T25. ALTERATIONS OF PLASMA PHOSPHOLIPID FATTY ACID PROFILES ARE ASSOCIATED WITH LOCAL BRAIN STRUCTURAL ABNORMALITIES IN NEUROLEPTIC NAïVE FIRST-EPISODE PSYCHOSIS PATIENTS
Glutamatergic dysfunction, deregulated mitochondrial metabolism and alterations of membrane phospholipids are considered as core pathology of psychosis, and have been studied in schizophrenic illness using magnetic resonance spectroscopy (MRS). Combining 1H-and 31P-MRS, this study investigates these aspects in Ultra-high risk (UHR-T) patients right after transition to psychosis (T0) and after a two years interval (T1) in a naturalistic longitudinal design, including treatment as usual by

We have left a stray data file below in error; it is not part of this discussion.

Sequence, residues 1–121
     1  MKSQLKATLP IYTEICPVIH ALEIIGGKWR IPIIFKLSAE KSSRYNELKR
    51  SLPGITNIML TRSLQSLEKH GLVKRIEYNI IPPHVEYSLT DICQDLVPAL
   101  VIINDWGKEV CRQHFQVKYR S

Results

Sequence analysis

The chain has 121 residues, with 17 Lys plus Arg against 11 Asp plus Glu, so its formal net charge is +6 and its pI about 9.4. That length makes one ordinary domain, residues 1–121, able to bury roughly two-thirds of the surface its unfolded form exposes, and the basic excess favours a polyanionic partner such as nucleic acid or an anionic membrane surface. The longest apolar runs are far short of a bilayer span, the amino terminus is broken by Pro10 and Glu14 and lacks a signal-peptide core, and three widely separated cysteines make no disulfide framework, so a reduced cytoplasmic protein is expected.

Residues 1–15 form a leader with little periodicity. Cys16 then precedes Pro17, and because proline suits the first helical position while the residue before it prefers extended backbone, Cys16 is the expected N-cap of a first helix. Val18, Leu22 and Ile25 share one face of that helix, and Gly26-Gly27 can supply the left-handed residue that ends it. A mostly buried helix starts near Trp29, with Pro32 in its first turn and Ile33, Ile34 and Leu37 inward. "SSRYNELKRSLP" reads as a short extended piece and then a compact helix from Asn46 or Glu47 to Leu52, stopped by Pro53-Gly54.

... as usual by cognitive-behavioral therapy (CBT) and pharmacotherapy with second generation antipsychotics. Methods: We applied 3 T chemical shift imaging (3D 31P-MRS, 2D 1H-MRS) and hippocampal single-voxel 1H-MRS in 29 neurolepticnaïve UHR-T patients and 27 healthy controls matched for age and gender. Glutamate (Glu) and N-acetyl-aspartate (NAA) reflect neuronal functioning, phosphocreatine (PCr), adenosine triphosphate (ATP) and NAA indicate mitochondrial function and energy metabolism, and phosphomono-and diester indicate the balance of phospholipid synthesis (PME) and -breakdown (PDE). Psychopathology was assessed using the CAARMS, BPRS-E and SCL-90-R. Generalized linear mixed models were used to examine case-control differences in metabolite changes over time, and associations with clinical improvement. Results: At T0, cross-sectional analysis revealed decreased NAA, Glu and PME levels in the left dorsolateral prefrontal cortex (DLPFC) and thalamus of UHR-T patients as well as higher PCr and lower PDE levels in the right hippocampus. (ii) Follow-up analysis (T1) showed in patients a significant increase of Glu in the bilateral DLPFC and the right thalamus, while a decrease of PCr was observed in the right hippocampus. Discussion: The observed metabolite pattern at T0 likely reflects a hypofunction of glutamatergic neurons and a disturbance of membrane phospholipid turnover in fronto-thalamo-hippocampal networks during the first acute onset phase of psychotic illness. The pattern of changes at T1 is suggestive for an improvement of neuronal functioning in these networks that is caused by therapy, and presumably underlies the observed clinical improvement in terms of negative symptoms and cognitive impairment.